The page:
Skip to main content
ARS Home » Pacific West Area » Pullman, Washington » Animal Disease Research » Research » Publications at this Location » Publication #391834

Research Project: Identifying Effective Immune Responses and Vaccine Development for Bovine Anaplasmosis

Location: Animal Disease Research

Title: Anaplasma marginale infection of Dermacentor andersoni primary midgut cell culture is dependent on fucosylated glycans

Author
item VIMONISH, RUBIKAH - Washington State University
item CAPELLI-PEIXOTO, JANAINA - Washington State University
item JOHNSON, WENDELL - Retired ARS Employee
item HUSSEIN, HALA - Washington State University
item Taus, Naomi
item BRAYTON, KELLY - Washington State University
item MUNDERLOH, ULRIKE - University Of Minnesota
item Noh, Susan
item Ueti, Massaro

Submitted to: Frontiers in Cellular and Infection Microbiology
Publication Type: Peer Reviewed Journal
Publication Acceptance Date: 5/6/2022
Publication Date: 5/31/2022
Citation: Vimonish, R., Capelli-Peixoto, J., Johnson, W.C., Hussein, H.E., Taus, N.S., Brayton, K.A., Munderloh, U.G., Noh, S.M., Ueti, M.W. 2022. Anaplasma marginale infection of Dermacentor andersoni primary midgut cell culture is dependent on fucosylated glycans. Frontiers in Cellular and Infection Microbiology. https://doi.org/10.3389/fcimb.2022.877525.
DOI: https://doi.org/10.3389/fcimb.2022.877525

Interpretive Summary: Tick midgut is the primary infection site required by the tick-borne pathogens to initiate their development for transmission. Despite the biological significance of this organ, cell cultures from midgut tissues are unavailable. To study the mechanism of Anaplasma marginale-tick cell interactions, we successfully developed an in vitro Dermacentor andersoni primary midgut cell culture system. Midgut cells were maintained for up to 120 days. We demonstrated the infection of in vitro midgut cells by using mCherry transfected A. marginale with continued replication for up to 10 days post-infection. Anaplasma marginale infection of midgut cells regulated the differential expression of tick a-(1,3)-fucosyltransferases A1 and A2. Silencing of a-(1,3)-fucosyltransferase A2 in uninfected midgut cells reduced the display of fucosylated glycans and significantly lowered the susceptibility of midgut cells for A. marginale infection, suggesting that the pathogen utilizes core a-(1,3)-fucose of N-glycans to infect tick midgut cells. This is the first report using in vitro primary D. andersoni midgut cells to study A. marginale-tick cell interactions at the molecular level. The primary midgut cell culture system will further facilitate the investigation of tick-pathogen interactions, leading to the development of novel intervention strategies for tick-borne diseases.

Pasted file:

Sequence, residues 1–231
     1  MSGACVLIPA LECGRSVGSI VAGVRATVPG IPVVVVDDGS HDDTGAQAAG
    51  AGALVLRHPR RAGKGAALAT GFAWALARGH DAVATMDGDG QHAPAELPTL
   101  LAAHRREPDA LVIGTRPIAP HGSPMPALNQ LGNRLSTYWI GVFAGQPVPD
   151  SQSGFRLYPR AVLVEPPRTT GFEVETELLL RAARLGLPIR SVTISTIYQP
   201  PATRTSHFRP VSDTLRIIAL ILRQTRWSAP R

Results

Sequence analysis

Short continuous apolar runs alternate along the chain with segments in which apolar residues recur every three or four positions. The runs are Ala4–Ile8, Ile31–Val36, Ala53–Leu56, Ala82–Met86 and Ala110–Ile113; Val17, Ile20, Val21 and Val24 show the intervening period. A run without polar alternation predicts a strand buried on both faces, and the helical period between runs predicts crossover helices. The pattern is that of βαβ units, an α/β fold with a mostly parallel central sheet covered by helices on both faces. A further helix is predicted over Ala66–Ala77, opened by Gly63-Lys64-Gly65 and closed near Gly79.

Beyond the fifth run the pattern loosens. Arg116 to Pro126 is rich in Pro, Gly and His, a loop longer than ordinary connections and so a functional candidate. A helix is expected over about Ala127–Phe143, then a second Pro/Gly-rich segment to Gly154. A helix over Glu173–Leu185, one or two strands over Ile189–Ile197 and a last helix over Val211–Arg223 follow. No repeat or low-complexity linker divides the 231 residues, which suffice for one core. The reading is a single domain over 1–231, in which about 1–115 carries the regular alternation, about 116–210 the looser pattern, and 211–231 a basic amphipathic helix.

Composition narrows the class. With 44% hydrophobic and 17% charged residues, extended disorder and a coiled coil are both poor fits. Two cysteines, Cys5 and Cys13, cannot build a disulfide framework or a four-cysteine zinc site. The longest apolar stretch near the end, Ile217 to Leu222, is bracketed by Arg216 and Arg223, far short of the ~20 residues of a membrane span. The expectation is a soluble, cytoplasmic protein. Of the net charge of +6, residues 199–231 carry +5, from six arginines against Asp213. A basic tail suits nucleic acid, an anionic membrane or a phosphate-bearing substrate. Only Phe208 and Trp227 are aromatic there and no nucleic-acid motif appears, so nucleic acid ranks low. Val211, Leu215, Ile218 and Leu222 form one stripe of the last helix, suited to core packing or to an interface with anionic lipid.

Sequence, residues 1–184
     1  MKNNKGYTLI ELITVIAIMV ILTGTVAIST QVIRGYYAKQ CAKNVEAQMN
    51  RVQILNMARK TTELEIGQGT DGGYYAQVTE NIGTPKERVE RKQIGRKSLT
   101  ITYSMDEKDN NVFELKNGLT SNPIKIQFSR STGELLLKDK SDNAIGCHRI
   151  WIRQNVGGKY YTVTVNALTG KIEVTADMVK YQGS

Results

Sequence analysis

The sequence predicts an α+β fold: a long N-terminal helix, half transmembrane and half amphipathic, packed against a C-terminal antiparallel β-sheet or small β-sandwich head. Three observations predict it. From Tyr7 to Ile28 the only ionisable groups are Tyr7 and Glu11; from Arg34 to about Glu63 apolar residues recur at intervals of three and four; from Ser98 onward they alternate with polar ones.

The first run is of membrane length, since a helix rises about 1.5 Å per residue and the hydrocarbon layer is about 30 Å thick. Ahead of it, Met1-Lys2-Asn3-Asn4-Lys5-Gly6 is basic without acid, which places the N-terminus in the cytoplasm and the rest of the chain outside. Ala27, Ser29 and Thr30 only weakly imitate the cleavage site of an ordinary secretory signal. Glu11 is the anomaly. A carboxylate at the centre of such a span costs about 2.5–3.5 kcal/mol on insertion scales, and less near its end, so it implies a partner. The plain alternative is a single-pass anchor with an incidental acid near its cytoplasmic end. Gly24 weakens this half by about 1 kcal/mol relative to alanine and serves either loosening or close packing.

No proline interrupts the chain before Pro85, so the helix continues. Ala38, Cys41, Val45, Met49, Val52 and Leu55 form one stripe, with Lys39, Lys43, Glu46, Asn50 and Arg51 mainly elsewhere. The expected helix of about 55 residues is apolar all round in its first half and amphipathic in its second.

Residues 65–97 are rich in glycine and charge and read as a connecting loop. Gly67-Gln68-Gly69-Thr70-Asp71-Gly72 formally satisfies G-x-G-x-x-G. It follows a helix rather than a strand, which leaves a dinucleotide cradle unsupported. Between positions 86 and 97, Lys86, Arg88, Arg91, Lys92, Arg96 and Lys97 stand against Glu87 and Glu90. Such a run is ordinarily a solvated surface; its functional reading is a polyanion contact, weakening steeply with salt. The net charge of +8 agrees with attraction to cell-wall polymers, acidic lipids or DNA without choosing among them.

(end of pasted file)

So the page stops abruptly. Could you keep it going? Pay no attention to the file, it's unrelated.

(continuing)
Technical Abstract: Tick midgut is the primary infection site required by the tick-borne pathogens to initiate their development for transmission. Despite the biological significance of this organ, cell cultures from midgut tissues are unavailable. To study the mechanism of Anaplasma marginale-tick cell interactions, we successfully developed an in vitro Dermacentor andersoni primary midgut cell culture system. Midgut cells were maintained for up to 120 days. We demonstrated the infection of in vitro midgut cells by using mCherry transfected A. marginale with continued replication for up to 10 days post-infection. Anaplasma marginale infection of midgut cells regulated the differential expression of tick a-(1,3)-fucosyltransferases A1 and A2. Silencing of a-(1,3)-fucosyltransferase A2 in uninfected midgut cells reduced the display of fucosylated glycans and significantly lowered the susceptibility of midgut cells for A. marginale infection, suggesting that the pathogen utilizes core a-(1,3)-fucose of N-glycans to infect tick midgut cells. This is the first report using in vitro primary D. andersoni midgut cells to study A. marginale-tick cell interactions at the molecular level. The primary midgut cell culture system will further facilitate the investigation of tick-pathogen interactions, leading to the development of novel intervention strategies for tick-borne diseases.